Postpartum Belly Wrapping: Gimmick or Godsend?
If you believe the hype, postpartum belly wraps are the secret to getting six pack abs after pregnancy. According to believers—and there are many—postpartum wrapping can shrink the waist, minimize stretch marks, and even accelerate the healing process after delivery. Unfortunately, reality of postpartum wrapping is a bit more nuanced.
Post-pregnancy wraps—also known as belly binders, bands, and belts—aren’t a new phenomenon. Women around the globe have been wrapping their waists after childbirth for centuries. Using strips of woven cloth, gradually tightened around the belly, women in Asian, European, and Latin American cultures have been able to reduce swelling and tighten over-stretched abdominal muscles after pregnancy.
These days, few of us busy moms have the time to attend ceremonial wrapping sessions immediately after our babies are born. However, we still have many of the same physical postpartum concerns as our ancestors. This is where the modern belly band enters the picture.
Made of high-tech stretch and compression fabrics, today’s top-rated postpartum belly wraps utilize Velcro closures rather than knots. This makes them easier to put on and take off, and it’s opened up the market for moms who are curious about belly wrapping but unable to spend hours with a professional demonstrating advanced binding techniques.
Do belly bands live up to the hype?
As the owner of Purple Laurel, a boutique that specializes in postpartum shapewear and medical-quality postpartum belly wraps, I’m constantly contacted by pregnant moms-to-be considered belly wrapping after delivery. The No. 1 question these women ask is whether belly wraps actually work. My answer depends on the definition of “work.”
For women who are interested in extra hip, back, or abdominal support, postpartum wraps definitely work. The back pain that many new moms suffer from can almost always be decreased, if not eliminated entirely, with the consistent use of an medical-quality abdominal support device.
Postpartum belly wraps also help women with self-confidence, and that’s a point that shouldn’t be overlooked. The weeks and months following childbirth are emotionally draining, and anything a woman can do to make herself feel and look better is worth trying—especially in cases like this, where there’s virtually no risk and minimal financial cost. Another bonus: Women who feel good are more likely to exercise, which creates a snowball effect and leads to greater acceptance of post-baby bodies.
In addition to recommending belly support devices for women who’ve undergone c-section surgery, many physicians are also advising patients who’ve had vaginal births to try compression wraps as a way to help the uterus return to its pre-pregnancy size more quickly. This makes the belly look slimmer, without actually having anything to do with weight loss or muscle definition.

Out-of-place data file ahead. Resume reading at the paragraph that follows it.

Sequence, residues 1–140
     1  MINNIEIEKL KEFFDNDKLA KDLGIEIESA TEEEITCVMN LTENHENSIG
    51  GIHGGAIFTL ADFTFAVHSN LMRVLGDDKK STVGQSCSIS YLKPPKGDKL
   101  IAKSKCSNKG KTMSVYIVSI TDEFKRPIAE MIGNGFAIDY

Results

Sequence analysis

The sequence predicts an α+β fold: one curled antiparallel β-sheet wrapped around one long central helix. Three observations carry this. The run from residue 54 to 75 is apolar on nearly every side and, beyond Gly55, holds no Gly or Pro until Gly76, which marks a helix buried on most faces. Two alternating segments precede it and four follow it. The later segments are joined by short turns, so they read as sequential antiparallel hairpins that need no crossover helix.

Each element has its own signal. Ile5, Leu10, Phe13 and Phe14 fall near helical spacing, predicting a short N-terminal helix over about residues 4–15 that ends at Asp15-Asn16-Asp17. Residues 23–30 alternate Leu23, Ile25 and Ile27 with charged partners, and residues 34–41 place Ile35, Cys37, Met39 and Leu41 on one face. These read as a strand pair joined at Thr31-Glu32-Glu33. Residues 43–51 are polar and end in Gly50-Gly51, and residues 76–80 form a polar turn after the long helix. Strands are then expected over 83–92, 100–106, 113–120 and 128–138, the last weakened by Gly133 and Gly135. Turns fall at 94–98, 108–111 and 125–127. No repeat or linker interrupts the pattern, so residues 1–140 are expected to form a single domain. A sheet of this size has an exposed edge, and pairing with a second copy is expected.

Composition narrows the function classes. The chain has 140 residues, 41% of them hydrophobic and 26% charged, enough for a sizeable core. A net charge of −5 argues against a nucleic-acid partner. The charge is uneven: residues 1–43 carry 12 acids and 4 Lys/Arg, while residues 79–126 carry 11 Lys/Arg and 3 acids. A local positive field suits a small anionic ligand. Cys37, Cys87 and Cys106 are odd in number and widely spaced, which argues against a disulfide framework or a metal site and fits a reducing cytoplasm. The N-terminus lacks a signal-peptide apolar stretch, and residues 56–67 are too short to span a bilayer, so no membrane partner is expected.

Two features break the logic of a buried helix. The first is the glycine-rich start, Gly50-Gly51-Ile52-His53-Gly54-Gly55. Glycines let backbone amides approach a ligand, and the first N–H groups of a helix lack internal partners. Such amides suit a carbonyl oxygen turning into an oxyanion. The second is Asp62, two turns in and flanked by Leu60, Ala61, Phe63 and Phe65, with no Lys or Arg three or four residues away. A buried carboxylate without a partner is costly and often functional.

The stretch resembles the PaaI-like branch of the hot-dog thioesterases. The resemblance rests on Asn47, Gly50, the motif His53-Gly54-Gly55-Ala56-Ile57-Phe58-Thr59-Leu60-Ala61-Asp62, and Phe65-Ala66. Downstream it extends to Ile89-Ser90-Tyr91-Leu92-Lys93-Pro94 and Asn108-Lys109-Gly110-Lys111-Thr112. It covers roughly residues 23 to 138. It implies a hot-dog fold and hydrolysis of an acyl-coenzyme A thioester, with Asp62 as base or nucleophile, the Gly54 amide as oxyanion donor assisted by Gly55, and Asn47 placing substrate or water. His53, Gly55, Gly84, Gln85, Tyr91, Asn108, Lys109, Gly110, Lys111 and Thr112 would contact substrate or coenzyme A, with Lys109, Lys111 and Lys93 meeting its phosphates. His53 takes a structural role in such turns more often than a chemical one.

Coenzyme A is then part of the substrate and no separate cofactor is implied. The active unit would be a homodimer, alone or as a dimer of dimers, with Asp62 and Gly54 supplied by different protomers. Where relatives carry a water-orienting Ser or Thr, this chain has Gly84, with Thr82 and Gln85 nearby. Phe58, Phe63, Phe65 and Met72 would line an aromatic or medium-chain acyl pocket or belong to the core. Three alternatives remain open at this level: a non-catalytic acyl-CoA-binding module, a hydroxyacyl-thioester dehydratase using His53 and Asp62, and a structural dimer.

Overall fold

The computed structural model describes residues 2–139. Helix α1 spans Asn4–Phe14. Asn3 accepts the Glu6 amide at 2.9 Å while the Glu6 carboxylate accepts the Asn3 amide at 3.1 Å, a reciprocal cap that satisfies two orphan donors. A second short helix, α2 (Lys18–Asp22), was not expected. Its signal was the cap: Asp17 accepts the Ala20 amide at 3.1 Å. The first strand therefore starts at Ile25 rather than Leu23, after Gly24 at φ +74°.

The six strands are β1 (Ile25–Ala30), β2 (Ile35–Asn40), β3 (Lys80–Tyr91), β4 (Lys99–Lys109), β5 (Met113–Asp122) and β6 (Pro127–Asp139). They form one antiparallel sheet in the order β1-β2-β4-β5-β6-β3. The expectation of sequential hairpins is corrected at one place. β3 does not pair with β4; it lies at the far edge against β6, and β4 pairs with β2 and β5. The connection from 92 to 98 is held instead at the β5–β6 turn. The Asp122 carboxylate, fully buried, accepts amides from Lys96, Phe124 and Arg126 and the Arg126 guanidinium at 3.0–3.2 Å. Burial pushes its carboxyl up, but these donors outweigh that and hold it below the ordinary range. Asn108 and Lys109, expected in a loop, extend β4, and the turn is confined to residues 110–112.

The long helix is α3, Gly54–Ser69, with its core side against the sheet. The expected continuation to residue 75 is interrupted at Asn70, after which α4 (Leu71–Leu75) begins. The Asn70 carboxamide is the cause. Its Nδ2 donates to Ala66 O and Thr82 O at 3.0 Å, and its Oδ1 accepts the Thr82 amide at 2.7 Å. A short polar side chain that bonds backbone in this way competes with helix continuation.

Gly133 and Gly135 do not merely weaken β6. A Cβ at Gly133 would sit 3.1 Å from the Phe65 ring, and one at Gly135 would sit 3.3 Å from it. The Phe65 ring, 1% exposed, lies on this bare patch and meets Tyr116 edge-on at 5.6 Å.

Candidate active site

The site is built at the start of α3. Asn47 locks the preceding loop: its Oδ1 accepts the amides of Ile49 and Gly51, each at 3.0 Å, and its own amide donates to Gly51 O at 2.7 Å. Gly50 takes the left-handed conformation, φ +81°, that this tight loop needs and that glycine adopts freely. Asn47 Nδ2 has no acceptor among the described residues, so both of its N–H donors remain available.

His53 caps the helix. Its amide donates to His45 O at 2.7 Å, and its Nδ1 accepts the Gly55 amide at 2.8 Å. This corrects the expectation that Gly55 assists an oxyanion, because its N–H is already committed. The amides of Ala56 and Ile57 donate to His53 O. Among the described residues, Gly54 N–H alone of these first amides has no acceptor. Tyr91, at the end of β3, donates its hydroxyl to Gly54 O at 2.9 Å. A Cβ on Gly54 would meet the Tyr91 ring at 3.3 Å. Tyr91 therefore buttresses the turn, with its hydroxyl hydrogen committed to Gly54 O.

What about the downsides?
Belly wrapping isn’t for everyone. I generally say that anyone who expects that wearing a postpartum belly wrap will lead to six-pack abs overnight shouldn’t buy one because they will most likely be disappointed.
Naysayers will tell you that the results that women notice after belly wrapping are due to water loss, and they’re not entirely wrong. One of the major benefits of postpartum belly wrapping does involve a reduction in swelling in the abdomen. However, I think most moms would tell you that reducing swelling in the belly is hardly a downside to wearing a postpartum wrap.
For the best results, physicians almost universally recommend that healthy women wear their medical-grade postpartum wraps for four to six weeks after delivery. How soon a woman begins wearing her wrap will depend on personal preference and comfort, however I know many new moms who bring their wraps with them to the hospital! (Within the first week after delivery is more typical.) Wraps can be worn for as long as a woman wants, so there’s no real downside to extended use.
For women with realistic expectations, postpartum belly wraps can absolutely be a godsend. Increased circulation, back relief, pelvic floor support, muscle retraction, decreased postpartum bleeding, and improved posture are just a few of the many benefits. New moms can lose inches by wrapping their bellies after birth. However, I believe that it’s more important to emphasize the physical benefits than the aesthetics.
As you can probably tell, the topic of postpartum belly wraps is something I’m passionate about, and I love talking to new moms about their experiences. If you’ve tried a belly wrap, what did you think? Was it a gimmick or a godsend? Leave a comment below or reach out to me on Twitter at @purplelaurelmom. I can’t wait to hear what you think!
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